… media appears, at times, to be a fruitless effort. Yet it is essential that such efforts continue. Open, honest debate is fundamental to any liberal democracy. There are steps that platforms such as Twitter need to take to facilitate this. Their processes for issues such as reporting abuse and banning accounts need to be made transparent and applied in a consistent manner. If users feel that the rules are clear and consistently adhered to, they will feel more confident in using the platform to express their honest opinions without fear of reprisal. Twitter should also reverse its decision to allow content-based criteria into their verification de…
The content police: Cyberabuse, bullying, fake news, and reductive solutions
Social media’s problems are easy to identify, but its solutions are hard to implement.
Yours is little more than consensus opinion. The problems are well-known; the utopian state is well-defined; but the concrete solutions are elusive. Everybody has spilled ink about Twitter’s problems, but so few people offer solutions. The commentariat is quick to critique, which is valuable in drawing attention to existential problems that entities would otherwise ignore, like Twitter has here. Yet, the commentariat then washes-its-hands of it all — at its own expense.
Now that the problem has gained mainstream consciousness, it’s incumbent upon the community to either stop adding noise about the problems or start contributing signals about the solutions. Sure, the onus is on Twitter to fix itself, but does any intellectually honest person believe they’re not trying? Regardless, everyone describes these social platforms as fundamental utilities for democracy, social equity, etc. You yourself say as much:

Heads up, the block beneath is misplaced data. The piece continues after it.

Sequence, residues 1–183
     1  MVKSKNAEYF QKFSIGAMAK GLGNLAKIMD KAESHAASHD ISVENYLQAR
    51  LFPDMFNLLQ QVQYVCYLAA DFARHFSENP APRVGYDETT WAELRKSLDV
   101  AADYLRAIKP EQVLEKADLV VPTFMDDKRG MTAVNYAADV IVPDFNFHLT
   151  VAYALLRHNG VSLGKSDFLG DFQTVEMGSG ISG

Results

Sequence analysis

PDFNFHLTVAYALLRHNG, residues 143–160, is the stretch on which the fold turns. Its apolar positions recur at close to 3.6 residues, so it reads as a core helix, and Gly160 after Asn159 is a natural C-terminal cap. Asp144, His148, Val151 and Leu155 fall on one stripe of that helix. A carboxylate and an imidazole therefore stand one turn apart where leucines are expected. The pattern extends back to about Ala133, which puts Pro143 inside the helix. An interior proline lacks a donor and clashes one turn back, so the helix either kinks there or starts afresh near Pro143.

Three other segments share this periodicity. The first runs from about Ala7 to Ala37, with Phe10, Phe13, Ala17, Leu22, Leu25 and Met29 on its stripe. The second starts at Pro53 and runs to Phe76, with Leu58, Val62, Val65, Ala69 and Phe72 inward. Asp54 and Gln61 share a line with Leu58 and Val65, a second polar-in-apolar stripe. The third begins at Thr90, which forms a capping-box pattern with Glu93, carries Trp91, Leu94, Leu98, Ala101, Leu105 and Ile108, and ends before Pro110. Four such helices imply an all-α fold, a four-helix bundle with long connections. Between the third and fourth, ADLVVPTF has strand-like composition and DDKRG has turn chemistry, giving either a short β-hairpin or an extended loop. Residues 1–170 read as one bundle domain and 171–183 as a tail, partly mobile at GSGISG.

“why not leave networks such as Twitter and Facebook behind?
“…ceding these platforms to their most aggressive and censorious elements is no long-term solution.”
Given that importance to you and others, these are problems that you and others should help solve. But, this is all we get — these buzzwords that are mere constructs describing an end result that’s missing a transmission mechanism…
- “reporting abuse and banning accounts”
How should Twitter implement or improve this? If a Tweet gets 100 complaints, block it? If an account gets 10 blocked Tweets, ban it? Barack Obama’s account would’ve been blocked long before Election 2008.
Maybe block it if 10% of impressions complain? The tweets from an oppressed everyman in a third world country would never see the light of day, because this would make it too easy for an authoritarian regime to suppress his voice.
- “transparent and applied in a consistent manner”
Radical transparency and predictable consistency enable gaming-the-system. If you show bad actors where the line is, they will always toe it (or tip-toe around it). As opaque as its algorithms are, even Google has to play whack-a-mole all day. Enough mixed metaphors for you? 😝 Let’s just cite the famous adage known as Goodhart’s Law, which observes that, when a measure becomes a target, it ceases to be a good measure. Or, Karl Popper’s Paradox of Intolerance, in which a society that’s tolerant without limit is eventually destroyed by the intolerant.
You realize how complex these problems really are when you start thinking about actual implementation and the second-order effects of any logical solution.
Whose principles should Twitter appeal to? Its own? Even were Twitter worthy of being anointed some kind of righteous moral arbiter, how does it quickly and objectively prove guilt in cases of abuse, bullying, and misinformation?
Leading up to Election 2016, how would Twitter have identified and blocked all the bots that kept popping-up; all the nefarious Tweets; all the fake news?